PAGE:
Citations!

As always, there are many questions about citations. When publishing in scientific journals, there is never just one accepted format like APA or MLA. Each journal has it’s own style, but they are all generally variations on a theme:

In text:

“ … (Author Last Name(s) Year Published).”

OR

“Author Last Name (Year Published) found that …”

Full:

Author 1 Last, First Initial, Author 2 Last, First Initial. Year Published. Article title. Journal title volume: start page – end page.

Here are some full citation examples that include different information depending on the publication type.

Journal Article:

Walker-Meikle, K. 2014. Toxicology and treatment: medical authorities and snake-bite in the Middle Ages. Korot 22: 85-104.

Here’s a link to the article online.

Note that the citation information might not be immediately obvious. There is a link to download the PDF. A PDF will show how the article looked when it was published and will include all the necessary citation information.

Also note: Although I found the article online, the original publication was the journal Korot, so the website, online repository (NCBI), and URL should not be included in the citation. Additionally, only the first word of article titles and proper nouns are capitalized.

Book:

Nature Publishing Group. 2016. Principles of Biology. MacMillan: online. 568-624.

This is the citation for our ebook. It is not published by Sapling – that’s a different Principles of Biology.

Note: this is somewhat unconventional for two reasons: For printed material you give the name of the publisher and city of publication (separated by a colon). However, since this book is published online, there isn’t any publication city mentioned in the book. Also, this book is written by such a large group of people that they prefer to be recognized as an organization rather than individuals.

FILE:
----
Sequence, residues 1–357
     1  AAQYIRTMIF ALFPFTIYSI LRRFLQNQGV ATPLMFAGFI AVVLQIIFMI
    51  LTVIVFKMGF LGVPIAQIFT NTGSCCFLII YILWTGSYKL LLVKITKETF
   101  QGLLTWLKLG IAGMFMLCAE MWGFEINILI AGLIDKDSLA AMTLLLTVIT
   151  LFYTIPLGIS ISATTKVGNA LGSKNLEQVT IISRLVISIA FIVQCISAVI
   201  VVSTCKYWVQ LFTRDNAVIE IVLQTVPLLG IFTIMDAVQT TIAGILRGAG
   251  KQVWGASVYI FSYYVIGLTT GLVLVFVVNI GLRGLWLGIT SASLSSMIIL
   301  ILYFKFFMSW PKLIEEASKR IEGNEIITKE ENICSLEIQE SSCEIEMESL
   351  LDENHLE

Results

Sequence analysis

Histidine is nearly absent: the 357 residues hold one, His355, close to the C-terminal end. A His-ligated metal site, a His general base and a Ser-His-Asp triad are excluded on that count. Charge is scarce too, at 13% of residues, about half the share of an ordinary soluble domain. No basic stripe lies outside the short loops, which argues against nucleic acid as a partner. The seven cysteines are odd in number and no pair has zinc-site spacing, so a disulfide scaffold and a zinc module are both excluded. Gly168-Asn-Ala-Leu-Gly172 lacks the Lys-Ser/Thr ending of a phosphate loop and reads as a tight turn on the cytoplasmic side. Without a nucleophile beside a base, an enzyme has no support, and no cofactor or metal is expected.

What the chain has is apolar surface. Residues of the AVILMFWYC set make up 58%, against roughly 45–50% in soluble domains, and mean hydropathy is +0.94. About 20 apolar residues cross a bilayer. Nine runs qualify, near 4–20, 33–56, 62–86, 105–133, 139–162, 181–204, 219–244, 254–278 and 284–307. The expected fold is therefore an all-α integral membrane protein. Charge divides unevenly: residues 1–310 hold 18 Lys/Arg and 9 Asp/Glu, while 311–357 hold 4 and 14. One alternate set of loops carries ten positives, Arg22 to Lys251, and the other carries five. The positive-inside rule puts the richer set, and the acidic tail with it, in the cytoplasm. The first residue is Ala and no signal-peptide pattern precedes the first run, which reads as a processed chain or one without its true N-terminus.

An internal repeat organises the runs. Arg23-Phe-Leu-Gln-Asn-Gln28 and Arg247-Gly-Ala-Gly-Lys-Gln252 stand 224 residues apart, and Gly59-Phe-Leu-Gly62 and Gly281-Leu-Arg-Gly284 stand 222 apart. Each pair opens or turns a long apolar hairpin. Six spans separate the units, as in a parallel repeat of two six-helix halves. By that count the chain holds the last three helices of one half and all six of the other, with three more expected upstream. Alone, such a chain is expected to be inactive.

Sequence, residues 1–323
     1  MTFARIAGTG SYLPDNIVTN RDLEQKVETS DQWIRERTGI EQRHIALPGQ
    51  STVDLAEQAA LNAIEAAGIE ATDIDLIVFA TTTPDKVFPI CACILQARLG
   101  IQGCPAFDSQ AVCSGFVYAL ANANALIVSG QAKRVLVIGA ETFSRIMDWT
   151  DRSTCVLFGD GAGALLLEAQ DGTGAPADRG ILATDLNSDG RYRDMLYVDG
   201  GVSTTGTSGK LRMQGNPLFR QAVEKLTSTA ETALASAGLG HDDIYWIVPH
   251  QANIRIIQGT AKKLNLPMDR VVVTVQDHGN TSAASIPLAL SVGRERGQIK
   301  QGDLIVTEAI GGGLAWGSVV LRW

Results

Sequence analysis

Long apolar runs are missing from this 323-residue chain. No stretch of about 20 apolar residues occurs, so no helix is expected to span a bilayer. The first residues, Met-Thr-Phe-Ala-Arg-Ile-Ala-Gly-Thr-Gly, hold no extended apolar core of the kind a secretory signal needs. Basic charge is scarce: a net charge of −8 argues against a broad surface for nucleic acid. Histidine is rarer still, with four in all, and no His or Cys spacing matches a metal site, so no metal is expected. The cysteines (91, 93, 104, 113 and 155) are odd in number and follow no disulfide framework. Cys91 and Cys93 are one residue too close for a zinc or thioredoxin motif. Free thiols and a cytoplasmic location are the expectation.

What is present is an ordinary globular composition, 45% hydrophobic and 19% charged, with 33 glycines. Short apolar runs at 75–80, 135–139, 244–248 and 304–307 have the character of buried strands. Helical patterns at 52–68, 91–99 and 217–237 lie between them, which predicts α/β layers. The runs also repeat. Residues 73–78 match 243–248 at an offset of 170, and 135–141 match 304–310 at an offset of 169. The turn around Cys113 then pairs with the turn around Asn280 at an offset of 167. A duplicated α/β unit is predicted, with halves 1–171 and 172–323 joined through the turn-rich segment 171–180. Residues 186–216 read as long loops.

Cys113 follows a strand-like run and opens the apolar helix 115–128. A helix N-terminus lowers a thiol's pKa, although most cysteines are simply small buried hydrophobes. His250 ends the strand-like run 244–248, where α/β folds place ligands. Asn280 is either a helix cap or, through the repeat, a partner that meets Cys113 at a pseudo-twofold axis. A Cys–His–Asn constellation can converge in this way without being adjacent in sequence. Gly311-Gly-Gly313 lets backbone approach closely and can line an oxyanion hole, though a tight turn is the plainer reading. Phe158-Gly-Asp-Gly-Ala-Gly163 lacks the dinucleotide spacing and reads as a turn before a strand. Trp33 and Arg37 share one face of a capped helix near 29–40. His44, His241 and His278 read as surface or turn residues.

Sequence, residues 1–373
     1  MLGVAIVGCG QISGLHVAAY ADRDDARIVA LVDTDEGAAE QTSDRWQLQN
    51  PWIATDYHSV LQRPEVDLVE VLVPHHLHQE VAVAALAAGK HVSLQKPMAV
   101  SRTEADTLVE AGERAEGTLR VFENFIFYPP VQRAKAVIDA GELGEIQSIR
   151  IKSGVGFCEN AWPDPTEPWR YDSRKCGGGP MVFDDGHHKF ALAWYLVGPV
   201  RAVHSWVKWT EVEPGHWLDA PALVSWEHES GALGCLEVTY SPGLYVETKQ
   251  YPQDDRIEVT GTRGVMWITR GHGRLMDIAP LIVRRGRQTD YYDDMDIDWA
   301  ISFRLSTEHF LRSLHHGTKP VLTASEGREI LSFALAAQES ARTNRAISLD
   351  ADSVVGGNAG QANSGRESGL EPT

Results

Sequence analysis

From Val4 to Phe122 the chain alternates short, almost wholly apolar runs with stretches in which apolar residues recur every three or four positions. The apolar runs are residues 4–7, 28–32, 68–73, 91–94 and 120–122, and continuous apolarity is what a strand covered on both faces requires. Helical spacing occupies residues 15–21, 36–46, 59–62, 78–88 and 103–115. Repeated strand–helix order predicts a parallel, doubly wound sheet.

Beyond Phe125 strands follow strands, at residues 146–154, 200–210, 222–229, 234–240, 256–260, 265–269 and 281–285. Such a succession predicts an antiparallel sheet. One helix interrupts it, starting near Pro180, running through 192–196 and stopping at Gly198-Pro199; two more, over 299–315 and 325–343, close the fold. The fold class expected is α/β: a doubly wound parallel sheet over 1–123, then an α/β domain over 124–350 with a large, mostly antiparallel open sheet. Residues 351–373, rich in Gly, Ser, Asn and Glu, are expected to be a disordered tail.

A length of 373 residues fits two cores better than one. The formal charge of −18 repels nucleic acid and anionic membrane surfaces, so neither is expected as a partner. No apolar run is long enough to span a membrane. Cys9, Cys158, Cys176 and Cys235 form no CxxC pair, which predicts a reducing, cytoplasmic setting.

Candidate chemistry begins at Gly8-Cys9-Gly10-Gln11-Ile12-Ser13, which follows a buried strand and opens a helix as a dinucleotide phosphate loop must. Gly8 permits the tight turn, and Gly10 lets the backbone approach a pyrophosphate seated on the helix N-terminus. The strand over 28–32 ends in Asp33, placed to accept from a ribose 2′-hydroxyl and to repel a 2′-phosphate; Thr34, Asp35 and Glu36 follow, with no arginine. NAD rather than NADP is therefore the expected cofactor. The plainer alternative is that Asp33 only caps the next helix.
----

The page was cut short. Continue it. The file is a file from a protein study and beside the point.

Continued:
Blog/News Site:

Mayor, A. 2012. Treating a snake bite in antiquity. Wonders & Marvels. Accessed Feb 23, 2017. http://www.wondersandmarvels.com/2012/08/treating-snake-bite-in-antiquity.html.

If you go to that webpage, you’ll find there isn’t a publication date on the page. However, if you look in the URL, you’ll find the publication date stamp. There may also be a “last updated” date toward the bottom of the article for other sites.

In the case of a web page the “article title” is the title of the page and the “journal title” is the name of the web site. If it’s a news site, the “journal title” is the (e)newspaper title.

Sometimes finding an author can be hard, and organizations may want to take credit.

Mayo Clinic Staff. 2014. Heart Disease Symptoms. Mayo Clinic. Accessed Feb 23, 2017. http://www.mayoclinic.org/diseases-conditions/heart-disease/basics/symptoms/con-20034056.

This article gave the Mayo Clinic Staff credit in the byline, but you may have to search other websites for authorship information. Look for pages labeled “use”, “citations”, “copyright”, or something similar to find out how they prefer to be cited.

In text citations can be a little tricky too. Typically, you make a statement and include a parenthetical in-text citation with author(s) and year published at the end of the sentence:

Ancient Romans treated snakebites by sucking the venom from the wound (Walker-Meikle 2014).

If there are two or more sources that provide evidence to support your claim, then separate them with semicolons. You may cite as many sources of evidence as are necessary to support a claim.

Ancient Romans treated snakebites by sucking the venom from the wound (Walker-Meikle 2014; Mayor 2012).

You can rephrase a statement to include the author’s name to give credit a different way, but don’t forget the parenthetical citation!

According to the Mayo Clinic Staff (2014), heart disease symptoms include shortness of breath, pain or weakness in the arms, and angina.

If there are two authors for the same article, list them both in the in text citation. If there are more authors do the following:

Ancient Romans treated snakebites by sucking the venom from the wound (Walker-Meikle et al. 2014).

et al.” is an abbreviation of et alii (neuter pleural), meaning “and others” in Latin. It is abbreviated because form technically depends on gender of the authors.

I hope that clears most issues up!